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I usually take pictures of things with a slightly unconventional perspective. Yet sometimes the majesty of the surroundings is so great that an unadulterated view is best. I like to call these postcard shots, which I present below of Powerscourt House and Gardens.

Triton Lake

First is a view of the house from behind Triton Lake. The house was built in 1890 (or so) atop numerous versions of the estate. Since its original construction in the 13th Century, this estate has been a coveted property.

Powerscourt and Triton Lake

Here is the opposing view of the lake. Apparently the pegasus is a symbol of the estate, but I didn’t find anything that discussed the history or significance. (EDIT: I’m a little disappointed in this picture as the sky is too washed out.)


This is a view from beneath the two pegasi. At the end was a little bench that was either for sitting or praying. In my case it was for taking pictures.

Reflecting pool

This is a nice view of the Great Sugar Loaf. The rolling hills are quite breathtaking in this part of Ireland.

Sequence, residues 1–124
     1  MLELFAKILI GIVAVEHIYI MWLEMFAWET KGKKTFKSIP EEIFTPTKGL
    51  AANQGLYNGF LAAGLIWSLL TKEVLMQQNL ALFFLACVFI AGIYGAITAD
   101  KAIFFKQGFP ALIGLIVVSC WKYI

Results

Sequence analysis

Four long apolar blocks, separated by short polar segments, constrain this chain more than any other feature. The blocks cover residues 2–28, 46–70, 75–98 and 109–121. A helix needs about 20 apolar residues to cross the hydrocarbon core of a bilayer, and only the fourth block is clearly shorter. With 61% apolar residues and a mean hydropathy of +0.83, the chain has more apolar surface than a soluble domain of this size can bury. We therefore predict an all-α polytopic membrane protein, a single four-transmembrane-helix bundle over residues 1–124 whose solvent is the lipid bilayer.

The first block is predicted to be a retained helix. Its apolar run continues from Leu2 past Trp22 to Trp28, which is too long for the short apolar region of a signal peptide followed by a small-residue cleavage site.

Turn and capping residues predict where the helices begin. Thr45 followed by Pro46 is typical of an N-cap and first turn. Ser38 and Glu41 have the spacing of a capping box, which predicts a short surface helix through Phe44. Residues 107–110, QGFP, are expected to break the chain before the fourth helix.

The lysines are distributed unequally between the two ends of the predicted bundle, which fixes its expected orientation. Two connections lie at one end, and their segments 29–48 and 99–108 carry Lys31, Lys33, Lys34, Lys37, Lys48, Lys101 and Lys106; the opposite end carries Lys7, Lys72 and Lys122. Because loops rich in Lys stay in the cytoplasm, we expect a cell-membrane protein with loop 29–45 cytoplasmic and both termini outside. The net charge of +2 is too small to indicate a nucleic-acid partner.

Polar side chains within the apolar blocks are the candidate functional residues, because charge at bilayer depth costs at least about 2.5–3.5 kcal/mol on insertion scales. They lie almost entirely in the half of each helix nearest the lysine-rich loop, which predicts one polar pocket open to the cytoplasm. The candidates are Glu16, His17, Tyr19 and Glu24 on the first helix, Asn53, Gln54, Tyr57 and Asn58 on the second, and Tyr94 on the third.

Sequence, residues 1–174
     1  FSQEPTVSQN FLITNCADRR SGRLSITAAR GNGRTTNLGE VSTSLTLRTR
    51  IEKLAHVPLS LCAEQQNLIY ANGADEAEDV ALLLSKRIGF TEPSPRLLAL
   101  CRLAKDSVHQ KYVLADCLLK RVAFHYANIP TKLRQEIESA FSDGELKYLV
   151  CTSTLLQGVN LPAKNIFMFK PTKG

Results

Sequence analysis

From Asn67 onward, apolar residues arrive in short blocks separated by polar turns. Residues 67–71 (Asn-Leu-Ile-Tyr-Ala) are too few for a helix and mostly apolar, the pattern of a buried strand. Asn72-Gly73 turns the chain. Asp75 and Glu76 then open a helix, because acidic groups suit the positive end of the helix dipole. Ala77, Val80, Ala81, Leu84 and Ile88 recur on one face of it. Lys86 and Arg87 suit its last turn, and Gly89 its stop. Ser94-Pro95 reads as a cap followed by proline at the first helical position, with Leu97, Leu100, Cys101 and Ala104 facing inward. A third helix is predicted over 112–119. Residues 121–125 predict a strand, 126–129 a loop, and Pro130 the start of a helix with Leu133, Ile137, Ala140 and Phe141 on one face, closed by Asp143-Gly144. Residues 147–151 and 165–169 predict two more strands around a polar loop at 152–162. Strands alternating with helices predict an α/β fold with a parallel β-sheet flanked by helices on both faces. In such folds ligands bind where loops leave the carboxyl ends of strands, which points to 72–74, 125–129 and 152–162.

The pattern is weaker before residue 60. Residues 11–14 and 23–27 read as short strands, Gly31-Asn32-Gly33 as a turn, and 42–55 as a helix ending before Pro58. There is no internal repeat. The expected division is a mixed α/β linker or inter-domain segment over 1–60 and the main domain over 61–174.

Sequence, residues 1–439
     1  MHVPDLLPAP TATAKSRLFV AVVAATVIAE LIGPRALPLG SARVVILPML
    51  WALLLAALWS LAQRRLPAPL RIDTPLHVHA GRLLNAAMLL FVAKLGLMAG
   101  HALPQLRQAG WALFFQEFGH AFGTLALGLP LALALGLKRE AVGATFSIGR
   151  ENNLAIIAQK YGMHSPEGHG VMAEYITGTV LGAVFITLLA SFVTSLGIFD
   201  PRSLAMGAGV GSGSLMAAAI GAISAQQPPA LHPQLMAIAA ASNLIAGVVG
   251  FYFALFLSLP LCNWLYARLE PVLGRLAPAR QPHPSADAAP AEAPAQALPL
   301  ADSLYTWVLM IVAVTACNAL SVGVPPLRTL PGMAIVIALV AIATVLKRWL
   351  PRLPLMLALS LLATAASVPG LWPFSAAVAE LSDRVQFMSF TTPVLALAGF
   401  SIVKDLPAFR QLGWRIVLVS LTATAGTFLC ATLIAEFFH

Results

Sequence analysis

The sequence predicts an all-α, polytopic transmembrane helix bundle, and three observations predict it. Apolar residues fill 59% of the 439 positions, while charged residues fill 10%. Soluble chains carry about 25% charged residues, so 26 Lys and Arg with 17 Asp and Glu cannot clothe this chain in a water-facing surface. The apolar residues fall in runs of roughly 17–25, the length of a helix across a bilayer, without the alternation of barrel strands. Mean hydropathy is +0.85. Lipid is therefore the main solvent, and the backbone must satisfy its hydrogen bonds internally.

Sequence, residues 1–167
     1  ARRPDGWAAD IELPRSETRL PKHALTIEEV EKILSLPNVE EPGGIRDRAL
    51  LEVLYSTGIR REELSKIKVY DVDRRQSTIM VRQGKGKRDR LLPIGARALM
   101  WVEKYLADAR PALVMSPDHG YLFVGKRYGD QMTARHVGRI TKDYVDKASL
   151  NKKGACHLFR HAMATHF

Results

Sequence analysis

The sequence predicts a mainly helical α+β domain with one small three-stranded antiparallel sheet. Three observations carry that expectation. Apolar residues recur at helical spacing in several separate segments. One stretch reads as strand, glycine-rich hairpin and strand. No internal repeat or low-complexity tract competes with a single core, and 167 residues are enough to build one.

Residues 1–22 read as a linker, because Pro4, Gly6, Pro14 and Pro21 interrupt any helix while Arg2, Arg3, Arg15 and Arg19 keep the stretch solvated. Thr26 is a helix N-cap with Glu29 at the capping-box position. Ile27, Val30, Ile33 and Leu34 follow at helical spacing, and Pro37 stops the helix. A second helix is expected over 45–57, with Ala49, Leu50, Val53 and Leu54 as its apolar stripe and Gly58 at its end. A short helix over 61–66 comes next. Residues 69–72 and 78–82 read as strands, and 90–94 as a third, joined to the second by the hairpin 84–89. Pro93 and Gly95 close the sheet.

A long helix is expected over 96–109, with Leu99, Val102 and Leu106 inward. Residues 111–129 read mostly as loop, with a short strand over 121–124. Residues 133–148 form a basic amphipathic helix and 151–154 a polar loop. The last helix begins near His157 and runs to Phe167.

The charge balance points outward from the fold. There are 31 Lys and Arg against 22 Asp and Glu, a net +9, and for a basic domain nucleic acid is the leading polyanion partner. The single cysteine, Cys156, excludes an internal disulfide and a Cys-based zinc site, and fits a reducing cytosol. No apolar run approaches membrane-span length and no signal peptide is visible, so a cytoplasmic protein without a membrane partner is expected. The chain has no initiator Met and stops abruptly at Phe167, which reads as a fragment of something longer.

The Great Sugar Loaf

The Gardens

Okay so there ought to be some more pictures of the grounds, which happen to be in the Italianate style. Unfortunately to really capture its majesty, you need to be perched up high, with legs longer than my own. Here is the quintessential picture courtesy of the people at Powerscourt themselves.

This might not qualify as a postcard shot per se, but the trees were a highlight of the garden. Their shapes were remarkably sculptural.

Sculptural trees

This is a nice pool and fountain in the midst of roses and dahlias.


 Japanese Garden

What estate would be complete without their own Japanese-style garden? I love Japanese maples so you won’t hear me complaining. The one thing that was conspicuously missing, though, were Koi.

Japanese gardens

Maple and pagoda


To be continued

In a follow up post, I’ll share some close-up macro shots of flowers and bugs. Hopefully they aren’t too cliche, although with a new camera it’s hard to resist. Cheers.